200 million times more expensive
Kommersant's market sources estimate the cost of developing a large universal platform for a Western manufacturer at $1-1.5 billion. According to unofficial reports, the electric vehicle platform for the U.S. Tesla project cost about $700 million. An industry source told Kommersant that in the case of Yo-mobile, things did not reach the stage of negotiations on the price of the intellectual property but, in his estimates, the talks could have started from a figure in the region of $200-300 million. Chinese manufacturers, according to him, would have paid more, while American and European ones could have bought designs for an individual important unit for about $200 million.
"We have received offers from foreign companies to sell our technologies, but a decision has been taken to keep them in Russia," says Valery Senko. Deputy Industry and Trade Minister Alexei Rakhmanov has told Kommersant that the ministry and NAMI were grateful for the technology transfer. "We'll analyze what they have done and then we'll decide in which projects these ideas and designs could be used," said Rakhmanov.
First published in Russian at Kommersant.
Mikhail Prokhorov's projects
Lighting:In December 2008, the Onexim group, together with the state corporation Rosnano, launched a new project to establish the production of light-emitting diodes in Russia based on a unique technology. As part of the project, Onexim bought the company Optogan, which owns the technology. As of 2012, the business was loss-making.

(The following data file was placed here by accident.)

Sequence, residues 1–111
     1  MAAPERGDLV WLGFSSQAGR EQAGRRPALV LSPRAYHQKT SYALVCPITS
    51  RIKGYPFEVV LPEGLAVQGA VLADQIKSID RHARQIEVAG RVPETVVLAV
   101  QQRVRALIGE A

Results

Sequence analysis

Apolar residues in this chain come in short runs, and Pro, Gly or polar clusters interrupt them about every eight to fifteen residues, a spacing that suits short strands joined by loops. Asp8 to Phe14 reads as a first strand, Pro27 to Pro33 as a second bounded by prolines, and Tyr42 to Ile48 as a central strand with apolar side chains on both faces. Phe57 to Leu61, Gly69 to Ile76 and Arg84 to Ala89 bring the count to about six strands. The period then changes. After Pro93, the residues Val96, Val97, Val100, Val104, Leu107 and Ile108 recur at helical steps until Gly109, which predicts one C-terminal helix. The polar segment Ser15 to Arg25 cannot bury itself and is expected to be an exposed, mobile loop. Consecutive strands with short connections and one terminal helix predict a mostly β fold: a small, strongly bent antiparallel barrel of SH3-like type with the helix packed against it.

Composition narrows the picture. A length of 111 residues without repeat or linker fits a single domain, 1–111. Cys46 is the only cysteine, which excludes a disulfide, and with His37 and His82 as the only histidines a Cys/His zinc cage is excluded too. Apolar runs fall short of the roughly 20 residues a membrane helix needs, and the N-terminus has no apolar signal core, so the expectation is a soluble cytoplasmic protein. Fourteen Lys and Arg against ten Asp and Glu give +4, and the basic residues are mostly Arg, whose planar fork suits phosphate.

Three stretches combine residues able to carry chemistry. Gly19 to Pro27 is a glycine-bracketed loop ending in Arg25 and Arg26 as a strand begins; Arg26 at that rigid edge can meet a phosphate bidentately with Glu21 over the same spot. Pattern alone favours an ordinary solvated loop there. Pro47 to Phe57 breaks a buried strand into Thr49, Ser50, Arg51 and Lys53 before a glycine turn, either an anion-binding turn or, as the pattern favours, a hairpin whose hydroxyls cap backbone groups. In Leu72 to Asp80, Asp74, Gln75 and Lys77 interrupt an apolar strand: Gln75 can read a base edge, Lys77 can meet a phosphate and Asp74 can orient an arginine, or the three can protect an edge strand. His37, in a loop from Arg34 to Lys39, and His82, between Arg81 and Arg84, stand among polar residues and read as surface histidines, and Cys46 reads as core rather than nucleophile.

Media: In April 2008, Mikhail Prokhorov and Vladimir Yakovlev, the editor-in-chief of Kommersant,founded a media group called Zhivi! The plan was to set up a media holding company with a large set of different assets, including a magazine, a website, an events management company, a club, a newspaper, a TV channel, children's projects and others.
In October 2008, Zhivi!'s first project, Snob magazine, was launched. It was followed by a multimedia (a TV channel + website) project promoting healthy lifestyle, alongside a weekly newspaper called F5: The Internet as a Lifestyle, which was launched in February 2009.
In early 2013, the holding company underwent restructuring and the media group Zhivi! ceased to exist as a legal entity. Two individual projects remain: Snob magazine and the Zhivi! TV channel.
Sport: In September 2009, Mikhail Prokhorov filed an application to the National Basketball Association to purchase the New Jersey Nets club. The deal was approved in May 2010, and was worth $200 million. In the summer of 2012, the team moved to Brooklyn and was renamed the Brooklyn Nets. In the NBA 2014 season, the team currently ranks second in the Atlantic Division.
Based on material published by RIA Novosti